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A long time ago, I was a child. (I started out as Cathy First from Colon, Mi.) For the past several years I’ve been an adult. A lot of things went on between those two stages of life; probably no more or no less than anyone elses. My husband and I moved to “da U .P” from southern Lower Michigan several years ago (yes we were trolls at one time). We owned and operated and operate Clementz’s Northcountry Campground and Cabins just north of Newberry, Michigan until May 2015. We have grown kids and grandkids (who all live downstate). My passion is life and all that Nature has to offer us and trying to photograph it in unique ways. Our intention in life is to see all that Nature has to offer us. We hope that you will be a part of our adventures as we cruise through our lives together. Come back often!

Friday, May 19, 2006



Vacation vouchers might give state tourism a boost

Web-posted May 19, 2006

This newspaper has repeatedly pointed out that state leaders spend most of their time wooing new industries and trying to hold onto old industries, but they virtually ignore the state's other star - tourism.

Now it appears that an Oakland Co. legislator agrees. Sen. Gilda Jacobs, DHuntington Woods, has introduced a bill that would provide any Michiganian who pays income taxes with a $75 tourism voucher that could be used at any hotel, motel, inn or resort in Michigan. The owner of the tourism destination could then use the voucher as a claim against the business' state tax bill.
Jacobs likens the plan to a "sale" on Michigan tourism that would spark greater use of our resources by state residents.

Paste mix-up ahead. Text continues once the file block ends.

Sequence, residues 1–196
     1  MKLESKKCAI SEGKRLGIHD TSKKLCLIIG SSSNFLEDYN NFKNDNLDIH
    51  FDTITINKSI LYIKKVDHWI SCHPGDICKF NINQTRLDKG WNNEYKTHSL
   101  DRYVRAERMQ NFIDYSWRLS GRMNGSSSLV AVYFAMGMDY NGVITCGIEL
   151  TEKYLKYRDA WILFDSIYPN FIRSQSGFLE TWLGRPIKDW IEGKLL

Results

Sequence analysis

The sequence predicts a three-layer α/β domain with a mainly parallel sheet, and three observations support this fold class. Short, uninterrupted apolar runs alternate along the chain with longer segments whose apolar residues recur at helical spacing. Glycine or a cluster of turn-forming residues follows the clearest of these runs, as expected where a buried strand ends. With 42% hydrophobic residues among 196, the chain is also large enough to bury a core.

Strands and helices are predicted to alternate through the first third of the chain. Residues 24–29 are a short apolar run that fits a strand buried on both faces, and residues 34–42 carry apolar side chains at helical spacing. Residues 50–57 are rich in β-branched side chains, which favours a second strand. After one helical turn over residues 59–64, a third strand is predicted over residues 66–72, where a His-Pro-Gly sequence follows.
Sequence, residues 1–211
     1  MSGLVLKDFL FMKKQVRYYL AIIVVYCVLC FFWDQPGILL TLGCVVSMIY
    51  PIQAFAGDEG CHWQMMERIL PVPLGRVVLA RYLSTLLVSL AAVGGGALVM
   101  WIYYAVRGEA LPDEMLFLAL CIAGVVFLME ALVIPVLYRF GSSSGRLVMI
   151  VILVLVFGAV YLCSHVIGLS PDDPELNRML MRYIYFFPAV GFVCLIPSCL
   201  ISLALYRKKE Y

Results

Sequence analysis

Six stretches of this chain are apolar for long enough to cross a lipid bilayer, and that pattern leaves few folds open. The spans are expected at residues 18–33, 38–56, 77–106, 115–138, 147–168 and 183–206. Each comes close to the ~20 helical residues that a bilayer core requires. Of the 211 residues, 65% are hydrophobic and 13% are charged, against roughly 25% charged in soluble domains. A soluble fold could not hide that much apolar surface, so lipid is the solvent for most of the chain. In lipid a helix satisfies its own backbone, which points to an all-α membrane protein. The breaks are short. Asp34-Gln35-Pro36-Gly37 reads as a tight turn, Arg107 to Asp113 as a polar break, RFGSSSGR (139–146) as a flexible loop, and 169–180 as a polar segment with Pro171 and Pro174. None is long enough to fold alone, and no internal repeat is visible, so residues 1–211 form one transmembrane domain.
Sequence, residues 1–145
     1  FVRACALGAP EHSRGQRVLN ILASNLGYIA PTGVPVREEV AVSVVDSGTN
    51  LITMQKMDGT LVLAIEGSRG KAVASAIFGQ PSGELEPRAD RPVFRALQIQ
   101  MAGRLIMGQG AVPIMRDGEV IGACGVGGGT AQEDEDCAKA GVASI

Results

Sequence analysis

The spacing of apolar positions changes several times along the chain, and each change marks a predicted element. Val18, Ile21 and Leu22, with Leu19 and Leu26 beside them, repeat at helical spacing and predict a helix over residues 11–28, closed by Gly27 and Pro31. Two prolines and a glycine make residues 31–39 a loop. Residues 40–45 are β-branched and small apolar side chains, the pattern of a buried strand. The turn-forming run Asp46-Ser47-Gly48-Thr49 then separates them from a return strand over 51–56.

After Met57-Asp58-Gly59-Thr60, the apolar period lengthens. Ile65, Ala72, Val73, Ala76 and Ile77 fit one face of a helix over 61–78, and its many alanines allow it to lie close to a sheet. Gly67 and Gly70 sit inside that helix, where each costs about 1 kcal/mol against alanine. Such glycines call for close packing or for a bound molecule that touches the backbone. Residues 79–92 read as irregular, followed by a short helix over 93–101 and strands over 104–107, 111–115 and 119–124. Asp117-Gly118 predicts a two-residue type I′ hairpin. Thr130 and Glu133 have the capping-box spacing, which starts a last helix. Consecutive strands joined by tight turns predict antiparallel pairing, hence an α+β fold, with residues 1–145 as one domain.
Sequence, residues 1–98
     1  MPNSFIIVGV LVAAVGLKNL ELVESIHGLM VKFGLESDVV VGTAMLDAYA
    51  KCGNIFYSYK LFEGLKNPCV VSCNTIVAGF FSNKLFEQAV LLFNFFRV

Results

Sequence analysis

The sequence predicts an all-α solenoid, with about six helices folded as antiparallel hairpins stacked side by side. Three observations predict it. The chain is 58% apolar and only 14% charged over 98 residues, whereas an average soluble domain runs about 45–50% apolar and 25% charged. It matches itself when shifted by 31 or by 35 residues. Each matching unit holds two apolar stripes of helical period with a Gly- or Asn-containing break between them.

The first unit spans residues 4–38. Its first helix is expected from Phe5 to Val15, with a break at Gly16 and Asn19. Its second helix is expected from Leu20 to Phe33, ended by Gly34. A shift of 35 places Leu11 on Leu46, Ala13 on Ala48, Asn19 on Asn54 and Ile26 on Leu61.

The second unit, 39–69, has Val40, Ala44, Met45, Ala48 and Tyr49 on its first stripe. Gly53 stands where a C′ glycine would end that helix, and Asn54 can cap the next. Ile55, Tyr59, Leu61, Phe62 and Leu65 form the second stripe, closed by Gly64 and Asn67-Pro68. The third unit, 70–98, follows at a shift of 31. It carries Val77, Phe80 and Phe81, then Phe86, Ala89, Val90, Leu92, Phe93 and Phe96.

The idea just might work. It provides a big enough savings incentive to get people spending. And the timing coincides with recent spikes in the cost of gasoline that have people thinking about vacations closer to home.

Because of the state's ongoing economic problems, there are, of course, legitimate concerns about how much of an effect such a plan would have on state business tax revenue. But because Michigan families are likely to spend considerably more than $75 on an outing within the state, this plan could generate enough increased in-state spending to offset what the vouchers would cost.

It also would provide an almost immediate boost for the state's tourism industry, which could be followed by expansion and further development.

Most important, an in-state tourism voucher could be just the incentive to persuade Michiganians to vacation here rather than traveling to Ohio, Illinois, Wisconsin or Ontario.
As with everything that Lansing does to overcome Michigan's economic doldrums, there is an element of risk. But this plan seems promising in that it could generate a wave of new tourism spending, just when the state needs it to counterbalance its present manufacturing slump

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